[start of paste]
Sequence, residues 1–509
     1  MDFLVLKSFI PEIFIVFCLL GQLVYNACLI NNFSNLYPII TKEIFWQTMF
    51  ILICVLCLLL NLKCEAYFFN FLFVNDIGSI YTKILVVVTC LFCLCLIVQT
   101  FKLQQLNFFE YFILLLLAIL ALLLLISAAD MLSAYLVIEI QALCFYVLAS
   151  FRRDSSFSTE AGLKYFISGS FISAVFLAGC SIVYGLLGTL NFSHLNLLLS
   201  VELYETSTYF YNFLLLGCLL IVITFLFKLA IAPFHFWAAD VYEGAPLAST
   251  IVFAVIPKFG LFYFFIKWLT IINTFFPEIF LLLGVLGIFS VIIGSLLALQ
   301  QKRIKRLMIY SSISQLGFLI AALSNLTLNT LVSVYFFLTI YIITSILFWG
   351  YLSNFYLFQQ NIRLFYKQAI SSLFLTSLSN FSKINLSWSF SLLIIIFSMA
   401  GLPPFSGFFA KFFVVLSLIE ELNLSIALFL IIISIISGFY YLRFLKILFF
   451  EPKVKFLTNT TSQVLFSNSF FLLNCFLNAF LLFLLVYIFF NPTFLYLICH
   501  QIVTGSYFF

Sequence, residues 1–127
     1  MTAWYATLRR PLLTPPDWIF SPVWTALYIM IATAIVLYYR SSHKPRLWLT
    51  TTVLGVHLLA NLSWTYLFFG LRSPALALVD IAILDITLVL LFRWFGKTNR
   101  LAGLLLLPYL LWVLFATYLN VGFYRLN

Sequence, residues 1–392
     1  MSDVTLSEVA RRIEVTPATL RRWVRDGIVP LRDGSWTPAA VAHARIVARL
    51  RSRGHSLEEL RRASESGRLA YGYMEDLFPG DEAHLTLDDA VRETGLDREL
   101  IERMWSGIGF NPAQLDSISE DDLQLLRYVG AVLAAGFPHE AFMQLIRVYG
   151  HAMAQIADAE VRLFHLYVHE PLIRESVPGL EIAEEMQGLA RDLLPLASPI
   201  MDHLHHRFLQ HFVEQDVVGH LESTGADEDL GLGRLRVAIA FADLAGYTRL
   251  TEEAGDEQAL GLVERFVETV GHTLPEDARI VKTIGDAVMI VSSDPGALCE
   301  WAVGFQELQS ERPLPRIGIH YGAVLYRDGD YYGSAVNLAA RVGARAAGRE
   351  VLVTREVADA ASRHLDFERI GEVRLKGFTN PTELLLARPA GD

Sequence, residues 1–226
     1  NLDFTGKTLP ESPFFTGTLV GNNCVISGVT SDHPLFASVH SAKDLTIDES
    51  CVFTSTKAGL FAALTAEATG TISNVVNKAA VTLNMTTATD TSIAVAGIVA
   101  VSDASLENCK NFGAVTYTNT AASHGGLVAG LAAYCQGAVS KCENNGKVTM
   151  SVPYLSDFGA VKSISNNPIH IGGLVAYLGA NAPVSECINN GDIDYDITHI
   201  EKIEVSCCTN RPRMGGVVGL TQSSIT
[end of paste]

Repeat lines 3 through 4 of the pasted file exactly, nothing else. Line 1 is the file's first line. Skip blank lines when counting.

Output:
    51  ILICVLCLLL NLKCEAYFFN FLFVNDIGSI YTKILVVVTC LFCLCLIVQT
   101  FKLQQLNFFE YFILLLLAIL ALLLLISAAD MLSAYLVIEI QALCFYVLAS